This article draws on Margaret Radin’s theorization of ‘contested commodities’ to explore the process whereby informal housing becomes formalized while also being shaped by legal regulation. In seeking to move once-informal housing into the domain of official legality, cities can seldom rely on a simple legal framework of private-law principles of property and contract. Instead, they face complex trade-offs between providing basic needs and affordability and meeting public-law norms around living standards, traditional neighbourhood feel and the environment. This article highlights these issues through an examination of the uneven process of legal formalization of basement apartments in Vancouver, Canada. We chose a lengthy period—from 1928 to 2009—to explore how basement apartments became a vital source of housing often at odds with city planning that has long favoured a low-density residential built form. We suggest that Radin’s theoretical account makes it possible to link legalization and official market construction with two questions: whether to permit commodification and how to permit commodification. Real-world commodification processes—including legal sanction—reflect hybridization, pragmatic decision making and regulatory compromise. The resolution of questions concerning how to legalize commodification are also intertwined with processes of market expansion.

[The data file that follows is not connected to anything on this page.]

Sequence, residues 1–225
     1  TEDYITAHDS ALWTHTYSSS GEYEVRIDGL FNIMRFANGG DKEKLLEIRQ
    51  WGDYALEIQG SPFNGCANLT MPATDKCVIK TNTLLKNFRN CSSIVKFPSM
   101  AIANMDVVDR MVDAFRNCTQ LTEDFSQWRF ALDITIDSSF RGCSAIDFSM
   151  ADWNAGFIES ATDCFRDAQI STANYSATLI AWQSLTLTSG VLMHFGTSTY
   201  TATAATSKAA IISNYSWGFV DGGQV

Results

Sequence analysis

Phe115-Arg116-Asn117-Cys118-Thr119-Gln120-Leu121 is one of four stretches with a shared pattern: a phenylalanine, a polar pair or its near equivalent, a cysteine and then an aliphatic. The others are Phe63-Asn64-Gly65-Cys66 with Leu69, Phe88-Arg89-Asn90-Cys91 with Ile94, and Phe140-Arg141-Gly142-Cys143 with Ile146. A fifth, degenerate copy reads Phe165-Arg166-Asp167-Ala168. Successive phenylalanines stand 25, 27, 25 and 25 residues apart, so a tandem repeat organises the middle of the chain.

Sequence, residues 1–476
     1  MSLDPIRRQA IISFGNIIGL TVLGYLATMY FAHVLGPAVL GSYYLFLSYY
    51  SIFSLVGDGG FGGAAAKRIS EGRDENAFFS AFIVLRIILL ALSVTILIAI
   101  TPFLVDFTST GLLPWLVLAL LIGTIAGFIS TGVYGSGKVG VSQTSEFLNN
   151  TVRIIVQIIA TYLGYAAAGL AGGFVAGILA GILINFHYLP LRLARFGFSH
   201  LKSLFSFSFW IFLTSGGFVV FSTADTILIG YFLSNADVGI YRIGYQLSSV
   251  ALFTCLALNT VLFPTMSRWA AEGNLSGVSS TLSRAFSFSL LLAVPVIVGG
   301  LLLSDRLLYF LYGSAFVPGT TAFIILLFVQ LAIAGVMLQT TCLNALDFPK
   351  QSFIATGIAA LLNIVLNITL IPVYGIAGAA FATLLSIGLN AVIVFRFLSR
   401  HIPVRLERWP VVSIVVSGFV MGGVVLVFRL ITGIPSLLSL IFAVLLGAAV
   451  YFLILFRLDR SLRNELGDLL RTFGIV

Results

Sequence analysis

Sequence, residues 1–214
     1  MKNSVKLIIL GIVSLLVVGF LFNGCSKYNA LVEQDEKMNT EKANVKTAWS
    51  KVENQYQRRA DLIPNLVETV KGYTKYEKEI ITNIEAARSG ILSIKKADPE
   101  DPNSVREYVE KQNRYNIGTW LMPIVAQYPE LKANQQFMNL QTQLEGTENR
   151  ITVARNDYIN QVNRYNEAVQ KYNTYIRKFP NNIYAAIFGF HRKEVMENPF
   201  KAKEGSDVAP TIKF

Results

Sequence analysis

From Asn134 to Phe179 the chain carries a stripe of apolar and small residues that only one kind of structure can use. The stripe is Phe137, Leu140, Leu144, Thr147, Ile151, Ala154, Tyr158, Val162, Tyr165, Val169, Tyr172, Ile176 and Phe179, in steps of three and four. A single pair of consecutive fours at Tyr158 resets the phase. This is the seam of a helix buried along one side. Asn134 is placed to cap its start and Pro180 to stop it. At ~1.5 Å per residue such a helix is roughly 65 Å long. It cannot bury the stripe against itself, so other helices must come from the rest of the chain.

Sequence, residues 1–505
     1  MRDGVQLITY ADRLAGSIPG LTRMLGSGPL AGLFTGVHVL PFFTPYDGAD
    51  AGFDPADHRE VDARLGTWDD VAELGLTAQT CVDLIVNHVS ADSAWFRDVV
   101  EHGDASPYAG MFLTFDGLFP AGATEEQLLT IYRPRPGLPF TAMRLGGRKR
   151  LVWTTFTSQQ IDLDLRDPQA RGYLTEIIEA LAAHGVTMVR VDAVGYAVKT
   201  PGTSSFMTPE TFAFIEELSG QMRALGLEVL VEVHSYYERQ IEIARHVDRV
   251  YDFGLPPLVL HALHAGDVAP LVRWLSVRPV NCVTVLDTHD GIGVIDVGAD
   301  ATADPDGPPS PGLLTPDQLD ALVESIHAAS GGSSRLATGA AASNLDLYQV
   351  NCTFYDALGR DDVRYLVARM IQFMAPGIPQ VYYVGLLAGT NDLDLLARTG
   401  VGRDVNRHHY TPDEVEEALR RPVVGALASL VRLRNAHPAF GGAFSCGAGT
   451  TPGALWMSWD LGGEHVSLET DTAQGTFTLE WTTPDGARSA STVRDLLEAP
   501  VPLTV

Pablo Mendez and Noah Quastel
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